What is a Paternity Test?
On behalf of The Law Offices of Cindy D. Sackrin posted in Paternity on Wednesday, April 1, 2015.
We are all generally familiar with what paternity tests are, however, if you are involved in a paternity action or paternity dispute, you may have some anxiety about how they are conducted and how accurate paternity test results are. Paternity testing is used to determine if a man, usually referred to as the putative father, is the biological father of a child.
To conduct a paternity test, DNA testing is conducted on a small amount of fluid or tissue from both the child and putative father. DNA is considered a unique genetic fingerprint which is why it can be used to determine the identity of a child's biological father. Typically blood samples, or cells collected from inside the cheek, are used to test to determine if the putative father and child are a genetic match.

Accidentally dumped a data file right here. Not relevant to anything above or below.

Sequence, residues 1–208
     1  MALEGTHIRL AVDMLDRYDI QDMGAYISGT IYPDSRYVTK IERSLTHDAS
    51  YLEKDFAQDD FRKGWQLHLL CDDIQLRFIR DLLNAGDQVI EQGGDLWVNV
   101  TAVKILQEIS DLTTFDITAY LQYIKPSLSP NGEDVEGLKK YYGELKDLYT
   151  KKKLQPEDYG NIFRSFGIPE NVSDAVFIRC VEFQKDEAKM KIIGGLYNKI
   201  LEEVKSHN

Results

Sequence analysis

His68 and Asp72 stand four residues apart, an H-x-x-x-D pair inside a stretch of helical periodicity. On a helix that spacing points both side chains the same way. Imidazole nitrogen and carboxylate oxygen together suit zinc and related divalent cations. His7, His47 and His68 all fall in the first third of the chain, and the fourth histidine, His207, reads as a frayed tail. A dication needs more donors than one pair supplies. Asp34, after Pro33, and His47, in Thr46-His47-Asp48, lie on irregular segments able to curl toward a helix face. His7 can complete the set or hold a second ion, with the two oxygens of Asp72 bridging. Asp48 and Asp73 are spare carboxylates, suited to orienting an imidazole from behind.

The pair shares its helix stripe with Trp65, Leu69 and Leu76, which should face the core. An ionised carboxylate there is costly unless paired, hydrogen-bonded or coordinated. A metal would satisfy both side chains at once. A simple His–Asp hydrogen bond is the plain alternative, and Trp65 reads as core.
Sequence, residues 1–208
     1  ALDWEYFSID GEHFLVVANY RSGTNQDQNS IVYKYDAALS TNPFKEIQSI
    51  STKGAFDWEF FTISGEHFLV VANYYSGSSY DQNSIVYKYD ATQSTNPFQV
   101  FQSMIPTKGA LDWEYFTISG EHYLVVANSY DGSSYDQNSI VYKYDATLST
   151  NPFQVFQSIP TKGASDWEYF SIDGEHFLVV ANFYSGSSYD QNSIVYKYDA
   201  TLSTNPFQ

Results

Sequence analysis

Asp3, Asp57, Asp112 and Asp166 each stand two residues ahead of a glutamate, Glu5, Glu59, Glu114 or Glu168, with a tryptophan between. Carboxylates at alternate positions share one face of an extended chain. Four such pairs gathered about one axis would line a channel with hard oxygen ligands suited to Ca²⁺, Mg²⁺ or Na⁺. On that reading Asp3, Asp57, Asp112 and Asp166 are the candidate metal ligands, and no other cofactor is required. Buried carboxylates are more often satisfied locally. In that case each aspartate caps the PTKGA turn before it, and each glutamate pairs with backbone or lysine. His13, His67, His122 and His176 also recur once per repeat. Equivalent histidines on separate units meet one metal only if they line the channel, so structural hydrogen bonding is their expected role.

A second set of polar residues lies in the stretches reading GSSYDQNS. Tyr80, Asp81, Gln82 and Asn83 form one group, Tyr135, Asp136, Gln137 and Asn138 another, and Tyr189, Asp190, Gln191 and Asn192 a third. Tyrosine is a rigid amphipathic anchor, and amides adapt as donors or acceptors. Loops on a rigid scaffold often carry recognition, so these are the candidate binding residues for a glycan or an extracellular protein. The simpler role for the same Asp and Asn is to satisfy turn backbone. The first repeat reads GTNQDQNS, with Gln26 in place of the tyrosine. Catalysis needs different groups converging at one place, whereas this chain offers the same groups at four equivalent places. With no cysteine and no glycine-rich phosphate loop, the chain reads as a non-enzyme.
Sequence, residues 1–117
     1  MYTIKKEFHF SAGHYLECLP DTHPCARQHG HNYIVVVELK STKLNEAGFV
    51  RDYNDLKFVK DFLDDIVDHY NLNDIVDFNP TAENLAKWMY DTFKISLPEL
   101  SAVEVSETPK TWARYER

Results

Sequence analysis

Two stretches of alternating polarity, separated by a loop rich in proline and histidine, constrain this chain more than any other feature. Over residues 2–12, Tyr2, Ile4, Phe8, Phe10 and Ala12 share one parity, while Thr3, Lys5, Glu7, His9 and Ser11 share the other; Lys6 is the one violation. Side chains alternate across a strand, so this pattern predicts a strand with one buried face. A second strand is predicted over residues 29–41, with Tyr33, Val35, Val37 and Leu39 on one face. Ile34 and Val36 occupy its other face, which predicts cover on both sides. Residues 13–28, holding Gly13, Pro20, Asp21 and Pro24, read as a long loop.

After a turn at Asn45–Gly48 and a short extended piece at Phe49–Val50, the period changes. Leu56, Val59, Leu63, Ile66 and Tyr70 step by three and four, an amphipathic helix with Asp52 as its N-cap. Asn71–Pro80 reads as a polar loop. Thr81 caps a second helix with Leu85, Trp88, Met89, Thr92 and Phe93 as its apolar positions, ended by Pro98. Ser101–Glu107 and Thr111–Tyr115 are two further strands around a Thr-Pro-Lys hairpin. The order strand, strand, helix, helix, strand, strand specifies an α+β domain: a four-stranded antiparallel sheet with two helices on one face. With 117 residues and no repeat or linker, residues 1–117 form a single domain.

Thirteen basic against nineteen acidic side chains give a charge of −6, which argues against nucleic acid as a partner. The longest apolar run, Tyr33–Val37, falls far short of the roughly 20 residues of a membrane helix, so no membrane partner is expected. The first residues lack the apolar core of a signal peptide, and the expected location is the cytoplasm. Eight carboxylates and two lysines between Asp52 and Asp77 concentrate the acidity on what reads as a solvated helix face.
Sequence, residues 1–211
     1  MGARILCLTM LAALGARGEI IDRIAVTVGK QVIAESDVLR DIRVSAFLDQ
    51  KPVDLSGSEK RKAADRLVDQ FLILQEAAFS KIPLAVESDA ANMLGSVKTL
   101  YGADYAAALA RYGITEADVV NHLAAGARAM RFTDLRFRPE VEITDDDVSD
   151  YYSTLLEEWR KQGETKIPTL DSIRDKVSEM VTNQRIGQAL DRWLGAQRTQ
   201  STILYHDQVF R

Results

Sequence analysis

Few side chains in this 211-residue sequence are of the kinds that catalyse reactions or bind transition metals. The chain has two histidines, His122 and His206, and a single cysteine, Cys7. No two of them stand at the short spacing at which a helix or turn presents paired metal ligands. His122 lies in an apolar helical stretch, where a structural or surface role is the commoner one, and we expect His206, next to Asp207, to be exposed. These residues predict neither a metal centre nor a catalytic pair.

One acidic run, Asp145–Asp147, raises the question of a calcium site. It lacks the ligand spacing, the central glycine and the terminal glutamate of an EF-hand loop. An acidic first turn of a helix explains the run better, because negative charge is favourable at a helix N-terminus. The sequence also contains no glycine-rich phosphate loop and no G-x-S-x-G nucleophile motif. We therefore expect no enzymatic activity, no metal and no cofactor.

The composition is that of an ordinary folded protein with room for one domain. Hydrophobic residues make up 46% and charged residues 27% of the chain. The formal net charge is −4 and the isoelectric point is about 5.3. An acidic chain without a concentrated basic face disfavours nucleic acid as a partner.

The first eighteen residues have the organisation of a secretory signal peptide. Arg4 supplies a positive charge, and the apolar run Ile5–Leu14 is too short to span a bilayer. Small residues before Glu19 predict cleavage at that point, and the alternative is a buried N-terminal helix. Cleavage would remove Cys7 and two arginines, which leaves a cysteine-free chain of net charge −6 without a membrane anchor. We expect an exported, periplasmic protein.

DNA paternity testing is considered highly accurate and can determine that the putative father is highly likely to be the biological father of the child with 99.9 percent accuracy and can also exclude a putative father as not being the biological father of a child with 100 percent accuracy.
DNA paternity testing can be performed before a child is born and can also be performed using a home kit. If the home kit testing instructions are properly followed, the results can be accurate. Home DNA tests cannot be used for paternity purposes in court because they are not properly witnessed and other requirements may also not be met. If the court has ordered the paternity test, it will be conducted by a lab designated or assigned by the court.
To determine the paternity of a child, a paternity action can be initiated with the court and a DNA paternity test can be ordered. Paternity determinations have important implications both legally and emotionally for the child, father and family. Child support and child custody determinations can depend on the outcome of a paternity test which it is why it is useful to understand both the purposes of paternity determinations and how paternity testing is conducted.
Source: Cleveland Clinic, "DNA Paternity Test," Accessed March 31, 2015